Already, the government is beginning to look desperate. Mr. Darling plans to hike the top income tax rate from 40% to 50% (plus 1.5% compulsory National Insurance contributions) on people earning more than £150,000. By scrapping certain tax deductions, those making more than £100,000 would also have to pay higher taxes.
This is all eerily reminiscent of Denis Healey, the Labour chancellor of the late 1970s, who promised to "tax the rich until the pips squeak" with rates as high as 83% on income from work and 98% on investment income. In the end, he had to ask the IMF for an embarrassing bailout.
The trouble with taxes is that above a certain level, raising them is counterproductive. People will find it economical to hire expensive accountants to avoid paying the full amount. If everything else fails, they may take themselves and their money abroad to gentler tax jurisdictions, as the actor Michael Caine just threatened to do.
The Treasury claims that the new 50% rate will bring in £1.3 billion next year, but the Institute for Fiscal Studies says it might not raise anything at all, since perhaps 70% of top earners will either evade or avoid it. The Center for Economic and Business Research thinks that as many as 25,000 top earners may leave the country, costing the government -- and the London financial market -- hundreds of millions of pounds in lost tax revenues and investments.
Taking 51.5% of people's earnings sends all the wrong signals. It absurdly suggests that the government is better at spending our money than we are. Higher taxes will simply induce people to spend less and leave entrepreneurs with less for investment, neither of which will help Britain recover.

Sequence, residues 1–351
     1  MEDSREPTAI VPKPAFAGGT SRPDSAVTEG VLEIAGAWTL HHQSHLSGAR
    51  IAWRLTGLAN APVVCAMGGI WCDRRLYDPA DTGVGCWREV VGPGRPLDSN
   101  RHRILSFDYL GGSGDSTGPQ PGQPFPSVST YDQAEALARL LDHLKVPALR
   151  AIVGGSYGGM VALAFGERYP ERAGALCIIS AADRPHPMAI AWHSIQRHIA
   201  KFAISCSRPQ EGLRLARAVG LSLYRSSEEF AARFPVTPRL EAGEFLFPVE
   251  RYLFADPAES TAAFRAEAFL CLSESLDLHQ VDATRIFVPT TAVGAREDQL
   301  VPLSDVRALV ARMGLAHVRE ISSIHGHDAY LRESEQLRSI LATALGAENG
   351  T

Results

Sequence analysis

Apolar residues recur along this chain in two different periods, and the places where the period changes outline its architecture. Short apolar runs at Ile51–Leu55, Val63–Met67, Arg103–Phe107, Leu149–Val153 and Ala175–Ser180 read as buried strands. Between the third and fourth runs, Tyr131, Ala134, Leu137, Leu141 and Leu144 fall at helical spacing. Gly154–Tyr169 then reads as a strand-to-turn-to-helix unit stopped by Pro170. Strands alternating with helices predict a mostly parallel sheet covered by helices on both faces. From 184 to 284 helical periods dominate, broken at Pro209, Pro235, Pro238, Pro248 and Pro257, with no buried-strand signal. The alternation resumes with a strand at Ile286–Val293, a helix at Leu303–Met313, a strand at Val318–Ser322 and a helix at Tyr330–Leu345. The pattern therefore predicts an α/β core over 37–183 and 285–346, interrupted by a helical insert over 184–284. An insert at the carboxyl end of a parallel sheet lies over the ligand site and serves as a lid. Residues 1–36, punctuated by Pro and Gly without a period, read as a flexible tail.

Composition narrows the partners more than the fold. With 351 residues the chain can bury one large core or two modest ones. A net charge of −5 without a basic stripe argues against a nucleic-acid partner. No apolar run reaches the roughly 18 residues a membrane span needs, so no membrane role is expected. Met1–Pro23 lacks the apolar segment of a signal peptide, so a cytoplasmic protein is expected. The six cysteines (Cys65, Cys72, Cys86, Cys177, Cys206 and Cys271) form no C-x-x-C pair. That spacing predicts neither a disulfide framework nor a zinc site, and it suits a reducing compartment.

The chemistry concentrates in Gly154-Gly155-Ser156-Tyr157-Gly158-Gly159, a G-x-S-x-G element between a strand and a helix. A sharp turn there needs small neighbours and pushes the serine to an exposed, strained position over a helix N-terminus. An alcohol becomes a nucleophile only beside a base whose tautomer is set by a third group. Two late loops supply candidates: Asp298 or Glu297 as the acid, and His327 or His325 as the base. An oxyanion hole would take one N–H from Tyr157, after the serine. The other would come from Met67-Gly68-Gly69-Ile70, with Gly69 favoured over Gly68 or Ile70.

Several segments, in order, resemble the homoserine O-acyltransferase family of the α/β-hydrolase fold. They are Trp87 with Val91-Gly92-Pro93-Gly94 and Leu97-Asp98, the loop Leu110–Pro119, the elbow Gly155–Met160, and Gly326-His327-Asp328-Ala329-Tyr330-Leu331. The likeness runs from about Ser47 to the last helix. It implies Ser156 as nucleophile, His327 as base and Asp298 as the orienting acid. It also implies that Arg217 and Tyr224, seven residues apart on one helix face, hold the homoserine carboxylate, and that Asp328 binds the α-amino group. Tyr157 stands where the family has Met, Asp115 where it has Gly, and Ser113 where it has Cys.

When Margaret Thatcher's government slashed the top rate to 40%, high income earners actually paid more, and contributed a far bigger proportion of total revenues, than they had before. Even former Labour Prime Minister Tony Blair denounced the 50% tax rate as "wrong, seriously wrong."
Interestingly, while higher income earners are supposed to bleed for the nation and businesses have been hit by the full force of the recession, government workers and their generous index-linked pensions have been left largely unscathed.
And what of the Conservatives? There has to be a general election in Britain before June 2010, and with an 18-point lead in the polls, they are the clear favorites. It would then fall to party leader David Cameron and his colleagues to sort out Britain's debt mountain. Will he have the steel to bring the public finances back into order?
He has spent much of the last few years trying to make the Tories look kinder, gentler -- majoring on social justice rather than tax cuts. He's even said that, although the new 50% rate was a "pathetic piece of class war posturing" rather than sound economics, removing it would "not be a high priority" for any future Conservative government.
But that's because although Mr. Cameron may have tried to rebrand the Conservatives, he still shares one of Mrs. Thatcher's core principles -- that a nation, like a family business, has to balance its books. Already he is calling for a "government of thrift" where civil servants get paid for "producing more with less, not less with more." Like the Iron Lady, he warns of the evils of debt and inflation.
He must know that if he becomes prime minister and fails to deliver a leaner, sounder, less indebted government, his party will be finished. Even worse, so will be Britain.
Mr. Butler is director of the Adam Smith Institute and author of "The Rotten State of Britain: Who Is Causing the Crisis and How to Solve It" (Gibson Square Books), published last month.
Published in the Wall Street Journal here